By Walt Hickey
Welcome to the Numlock Sunday edition. Each week, I'll sit down with an author or a writer behind one of the stories covered in a previous weekday edition for a casual conversation about what they wrote.
This week, I spoke to Aaron Gordon who wrote “Why the US Sucks at Building Public Transit” for Motherboard. Here's what I wrote about it:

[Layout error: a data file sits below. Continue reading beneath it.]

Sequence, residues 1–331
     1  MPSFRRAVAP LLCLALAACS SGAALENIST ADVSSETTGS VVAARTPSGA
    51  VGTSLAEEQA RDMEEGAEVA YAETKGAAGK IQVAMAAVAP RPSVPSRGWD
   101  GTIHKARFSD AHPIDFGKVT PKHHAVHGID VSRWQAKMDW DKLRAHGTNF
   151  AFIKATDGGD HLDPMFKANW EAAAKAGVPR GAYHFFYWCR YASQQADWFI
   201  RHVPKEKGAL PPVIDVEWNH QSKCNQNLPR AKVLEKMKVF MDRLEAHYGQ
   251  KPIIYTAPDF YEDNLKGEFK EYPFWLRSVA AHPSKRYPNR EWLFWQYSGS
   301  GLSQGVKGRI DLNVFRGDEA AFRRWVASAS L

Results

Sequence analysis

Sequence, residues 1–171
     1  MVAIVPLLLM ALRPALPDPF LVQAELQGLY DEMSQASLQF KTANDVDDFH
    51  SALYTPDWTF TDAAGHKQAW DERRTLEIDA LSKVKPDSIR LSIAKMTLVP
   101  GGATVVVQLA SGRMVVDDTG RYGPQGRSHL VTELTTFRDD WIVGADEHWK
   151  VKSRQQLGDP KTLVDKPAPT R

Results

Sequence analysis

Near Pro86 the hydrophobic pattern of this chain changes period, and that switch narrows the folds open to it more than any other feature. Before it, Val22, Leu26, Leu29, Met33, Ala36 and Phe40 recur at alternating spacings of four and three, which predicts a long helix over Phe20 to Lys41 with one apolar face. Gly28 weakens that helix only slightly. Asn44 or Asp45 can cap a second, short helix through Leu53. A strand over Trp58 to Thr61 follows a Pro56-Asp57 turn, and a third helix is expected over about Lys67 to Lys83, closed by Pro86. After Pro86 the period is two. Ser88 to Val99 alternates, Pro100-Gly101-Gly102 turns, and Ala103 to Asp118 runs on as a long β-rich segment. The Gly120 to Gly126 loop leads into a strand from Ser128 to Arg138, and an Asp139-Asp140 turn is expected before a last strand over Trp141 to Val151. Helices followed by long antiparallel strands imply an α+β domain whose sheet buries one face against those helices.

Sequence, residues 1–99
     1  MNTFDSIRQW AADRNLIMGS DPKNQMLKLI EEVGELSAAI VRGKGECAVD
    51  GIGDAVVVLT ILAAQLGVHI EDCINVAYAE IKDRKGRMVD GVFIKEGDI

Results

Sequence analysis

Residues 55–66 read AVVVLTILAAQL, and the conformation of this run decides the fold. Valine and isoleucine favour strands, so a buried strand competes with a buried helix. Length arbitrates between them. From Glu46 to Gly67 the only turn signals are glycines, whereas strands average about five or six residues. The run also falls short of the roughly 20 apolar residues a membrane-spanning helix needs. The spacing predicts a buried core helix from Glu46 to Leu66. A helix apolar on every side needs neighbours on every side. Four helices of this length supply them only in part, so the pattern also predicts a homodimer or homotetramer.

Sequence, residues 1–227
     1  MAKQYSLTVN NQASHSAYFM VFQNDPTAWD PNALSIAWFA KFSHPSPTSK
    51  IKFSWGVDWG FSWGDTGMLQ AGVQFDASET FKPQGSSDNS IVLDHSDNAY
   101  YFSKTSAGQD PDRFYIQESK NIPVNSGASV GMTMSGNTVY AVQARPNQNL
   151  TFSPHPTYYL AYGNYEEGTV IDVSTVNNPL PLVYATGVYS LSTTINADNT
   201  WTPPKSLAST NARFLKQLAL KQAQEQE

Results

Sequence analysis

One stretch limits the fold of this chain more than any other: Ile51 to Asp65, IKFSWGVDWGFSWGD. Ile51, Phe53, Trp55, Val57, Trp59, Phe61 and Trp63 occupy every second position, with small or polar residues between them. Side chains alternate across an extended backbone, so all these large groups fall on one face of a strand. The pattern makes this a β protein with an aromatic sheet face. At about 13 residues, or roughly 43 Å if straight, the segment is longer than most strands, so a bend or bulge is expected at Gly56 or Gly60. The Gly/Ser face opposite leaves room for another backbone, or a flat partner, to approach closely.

Between 1950 and 2017, the United States constructed 871,496 miles of roads. A better metric is lane-miles, which is one lane of highway for a mile. In the 37 years from 1980 to 2017, the U.S. added 881,918 lane-miles to the existing 8.8 million lane-miles, an 11 percent increase. Urban areas added 30,511 lane-miles since 1993, a 42 percent increase. This was probably misguided, as adding lanes doesn’t really reduce traffic so much as induce more of it. Meanwhile, from 1985 to 2017, the U.S. added 6,247 miles of commuter, heavy and light rail combined. Compare the 195 miles per year of rail added to the 10,017 miles of roads per year a…